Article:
I Heard The Owl Call My Name Summary

Margaret Craven

I Heard The Owl Call My Name

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I Heard The Owl Call My Name Summary

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American author Margaret Craven’s novel I Heard the Owl Call My Name(1967)tells the story of Mark Brian, a young Anglican vicar. Mark is sick and sent by his Bishop to serve at a First Nations parish in British Columbia, Canada. There, he learns how the natives live, becomes more in tune with nature, and finds peace as he confronts his mortality. Exploring themes of Native American culture, faith in the face of tragedy, the ephemeral nature of life, and man’s relationship with nature, I Heard the Owl Call My Name was a bestseller upon its release, and is considered one of the earliest modern novels to deal in depth with Native American society. The events in the book are influenced by Craven’s own life experiences, which she details in depth in her autobiography,Again Calls the Owl (often mistaken for a sequel to the novel). I Heard the Owl Call My Name was released in 1973 in the United States, where it reached number one on the New York Times Best Seller list. The same year, a CBS television adaptation aired to strong ratings.

I Heard the Owl Call My Name begins by explaining the legend of the Kwakiutl Indians of British Columbia, who believe that when a person hears an owl call his or her name, that person will die soon. The story then shifts to a Canadian Anglican parish, where the young priest Mark Brian is serving under an older Bishop. Mark is sick, with likely only three years to live. Mark does not know the extent of his illness, but the Bishop has seen it before and understands. Thus, he decides to send his young protégé to the Native village of King come to serve the Kwakiutl population there and become more in touch with life and nature. When Mark arrives, he is curious why all the Indians he meets there seem so sad, especially Jim Wallace, the village’s boatman. Wallace is in charge of the forty-foot boat that serves as the village’s lifeline to the outside world. Although it is a long and difficult process to become friends with the Native villagers, and it is months before they open up to him, they come to respect him. He carries his weight in the village, standing up for them to the local law enforcement when it comes to burial rites for a child that tragically dies. His respect for tribal custom wins him respect and eventually friendship. Two local children, who have yet to have negative experience with white people, are quicker to warm up to him. Marta, an old woman of the village, who remembers a previous white visitor to the village who also showed them respect, gives him a fair chance. It takes a while for Mark to learn the Kwakiutl language, but he masters it eventually.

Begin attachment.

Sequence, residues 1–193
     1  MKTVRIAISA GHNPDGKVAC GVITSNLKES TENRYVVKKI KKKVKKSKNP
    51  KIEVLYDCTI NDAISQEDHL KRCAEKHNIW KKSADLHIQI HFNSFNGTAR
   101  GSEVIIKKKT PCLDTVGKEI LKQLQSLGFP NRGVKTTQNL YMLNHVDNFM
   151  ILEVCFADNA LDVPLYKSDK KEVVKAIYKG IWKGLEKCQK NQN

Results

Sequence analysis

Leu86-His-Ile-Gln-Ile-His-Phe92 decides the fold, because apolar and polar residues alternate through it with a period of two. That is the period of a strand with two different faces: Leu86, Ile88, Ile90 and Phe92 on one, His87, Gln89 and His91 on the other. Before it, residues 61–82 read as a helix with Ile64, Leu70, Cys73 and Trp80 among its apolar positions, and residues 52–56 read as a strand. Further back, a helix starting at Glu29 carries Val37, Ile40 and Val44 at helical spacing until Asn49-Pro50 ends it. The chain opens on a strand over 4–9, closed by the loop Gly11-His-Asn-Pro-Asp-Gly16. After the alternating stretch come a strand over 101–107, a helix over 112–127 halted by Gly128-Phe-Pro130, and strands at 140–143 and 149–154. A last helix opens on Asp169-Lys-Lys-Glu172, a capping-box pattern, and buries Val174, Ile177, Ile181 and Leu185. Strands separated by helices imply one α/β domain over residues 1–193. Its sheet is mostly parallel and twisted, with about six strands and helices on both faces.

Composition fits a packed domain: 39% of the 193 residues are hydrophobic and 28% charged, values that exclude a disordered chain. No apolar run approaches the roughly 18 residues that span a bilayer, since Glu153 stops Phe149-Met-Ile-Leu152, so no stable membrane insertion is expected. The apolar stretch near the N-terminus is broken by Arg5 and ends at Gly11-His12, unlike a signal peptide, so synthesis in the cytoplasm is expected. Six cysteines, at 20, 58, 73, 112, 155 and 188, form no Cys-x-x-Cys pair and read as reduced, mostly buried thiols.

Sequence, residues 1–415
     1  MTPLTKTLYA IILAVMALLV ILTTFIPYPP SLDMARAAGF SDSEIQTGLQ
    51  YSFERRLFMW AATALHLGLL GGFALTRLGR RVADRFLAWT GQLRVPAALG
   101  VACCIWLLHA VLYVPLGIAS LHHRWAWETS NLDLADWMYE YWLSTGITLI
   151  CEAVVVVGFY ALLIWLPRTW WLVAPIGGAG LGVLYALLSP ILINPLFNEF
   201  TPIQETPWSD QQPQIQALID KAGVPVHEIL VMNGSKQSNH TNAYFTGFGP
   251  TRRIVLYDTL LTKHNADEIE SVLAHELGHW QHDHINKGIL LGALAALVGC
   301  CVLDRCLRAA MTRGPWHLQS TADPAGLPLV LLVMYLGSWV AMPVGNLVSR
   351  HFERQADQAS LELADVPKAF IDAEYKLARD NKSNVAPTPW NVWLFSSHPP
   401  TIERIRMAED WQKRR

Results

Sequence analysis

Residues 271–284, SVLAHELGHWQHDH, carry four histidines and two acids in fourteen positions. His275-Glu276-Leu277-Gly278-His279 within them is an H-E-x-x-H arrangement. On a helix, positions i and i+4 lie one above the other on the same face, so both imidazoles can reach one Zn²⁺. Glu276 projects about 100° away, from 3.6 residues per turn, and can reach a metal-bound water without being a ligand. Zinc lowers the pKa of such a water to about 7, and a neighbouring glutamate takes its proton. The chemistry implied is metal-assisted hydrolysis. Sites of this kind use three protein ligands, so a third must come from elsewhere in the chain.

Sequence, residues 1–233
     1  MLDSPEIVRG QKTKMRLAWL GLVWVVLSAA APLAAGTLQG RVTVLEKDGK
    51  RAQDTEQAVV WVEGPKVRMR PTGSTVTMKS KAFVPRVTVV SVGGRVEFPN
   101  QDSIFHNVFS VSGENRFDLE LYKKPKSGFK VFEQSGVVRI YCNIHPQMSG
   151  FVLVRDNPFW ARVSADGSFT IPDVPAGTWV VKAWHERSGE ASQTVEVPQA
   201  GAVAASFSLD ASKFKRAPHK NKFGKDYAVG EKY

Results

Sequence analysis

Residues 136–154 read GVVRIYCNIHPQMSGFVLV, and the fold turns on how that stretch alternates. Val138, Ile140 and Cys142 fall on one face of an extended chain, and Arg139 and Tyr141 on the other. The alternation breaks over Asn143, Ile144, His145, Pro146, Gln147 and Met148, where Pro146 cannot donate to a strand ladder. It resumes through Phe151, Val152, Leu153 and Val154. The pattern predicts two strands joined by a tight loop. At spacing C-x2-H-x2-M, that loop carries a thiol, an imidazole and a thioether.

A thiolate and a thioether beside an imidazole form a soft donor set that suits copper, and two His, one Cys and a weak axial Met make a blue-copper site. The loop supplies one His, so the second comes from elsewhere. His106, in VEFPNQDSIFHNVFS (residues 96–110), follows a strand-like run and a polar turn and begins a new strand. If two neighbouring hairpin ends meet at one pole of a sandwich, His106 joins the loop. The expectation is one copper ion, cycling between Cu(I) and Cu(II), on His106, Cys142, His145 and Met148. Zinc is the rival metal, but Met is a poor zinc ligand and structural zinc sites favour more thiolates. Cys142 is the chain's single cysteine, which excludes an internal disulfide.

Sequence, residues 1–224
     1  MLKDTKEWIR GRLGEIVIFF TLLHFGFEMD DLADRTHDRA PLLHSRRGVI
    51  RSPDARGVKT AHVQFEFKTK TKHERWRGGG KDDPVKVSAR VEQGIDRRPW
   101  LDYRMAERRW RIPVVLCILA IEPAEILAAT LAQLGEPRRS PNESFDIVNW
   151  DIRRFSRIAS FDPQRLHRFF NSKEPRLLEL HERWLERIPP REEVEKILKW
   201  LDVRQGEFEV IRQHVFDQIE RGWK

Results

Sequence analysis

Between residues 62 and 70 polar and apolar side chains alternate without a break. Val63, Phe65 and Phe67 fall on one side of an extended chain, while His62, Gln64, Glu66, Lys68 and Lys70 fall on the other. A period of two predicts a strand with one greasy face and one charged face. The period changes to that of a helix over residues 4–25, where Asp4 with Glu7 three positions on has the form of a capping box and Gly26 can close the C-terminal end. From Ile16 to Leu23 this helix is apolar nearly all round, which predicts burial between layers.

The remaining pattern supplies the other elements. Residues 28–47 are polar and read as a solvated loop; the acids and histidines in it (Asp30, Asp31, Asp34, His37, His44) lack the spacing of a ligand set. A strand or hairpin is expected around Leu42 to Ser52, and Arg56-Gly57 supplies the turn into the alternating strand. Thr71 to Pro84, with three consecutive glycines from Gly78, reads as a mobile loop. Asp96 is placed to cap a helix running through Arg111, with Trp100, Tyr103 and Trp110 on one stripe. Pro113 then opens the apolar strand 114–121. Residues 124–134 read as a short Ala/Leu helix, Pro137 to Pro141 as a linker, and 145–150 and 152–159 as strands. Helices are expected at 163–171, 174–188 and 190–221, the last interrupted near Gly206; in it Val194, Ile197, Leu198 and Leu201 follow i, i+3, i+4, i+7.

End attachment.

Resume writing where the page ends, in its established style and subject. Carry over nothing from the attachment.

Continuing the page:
During his first winter with the tribe, Mark begins to understand the sadness of the Natives. The young men of the village are sent off to residential schools in populated areas of Canada, as the government attempts to teach them the white man’s ways. While many do return to the village, they are all changed, acting more in the way of the outside world. And some choose never to return, becoming assimilated into the white culture. Gordon, a promising youth from the village, goes off to school in Vancouver. He becomes very successful in the white world, choosing not to return to his village. Mark hopes that Gordon might become an ambassador for the Native culture, helping the white people understand them better. He also worries that Gordon may become too assimilated and simply forget where he comes from. Mark realizes that he has become so close to the people of the village that he sees himself as one of them. He cannot imagine going back to the white world now.

In January, after living with the Kwakiutl for a year and a half, Mark is walking in the woods when he hears an owl call his name. He understands everything at once. The doctors who were not willing to discuss his illness with him when he first became sick, the sadness with which his sister greeted him when they were reunited in Vancouver previously, and most of all, his Bishop’s assignment for him. Although he knows he will die soon, Mark is at peace, understanding the nature of life thanks to his years with the Kwakiutl.

Margaret Craven was an American author and graduate of Stanford University. She wrote short stories for the Saturday Evening Post, but did not publish her first novel until 1967 due to persistent vision problems. She published four major works over her lifetime—I Heard the Owl Call My Name; a second novel, Walk Gently This Good Earth, an autobiography, Again Calls the Owl; and a short story collection, The Home Front. Many of her works center around the Native population of British Columbia, which she visited in 1962 and wrote articles about before her debut novel.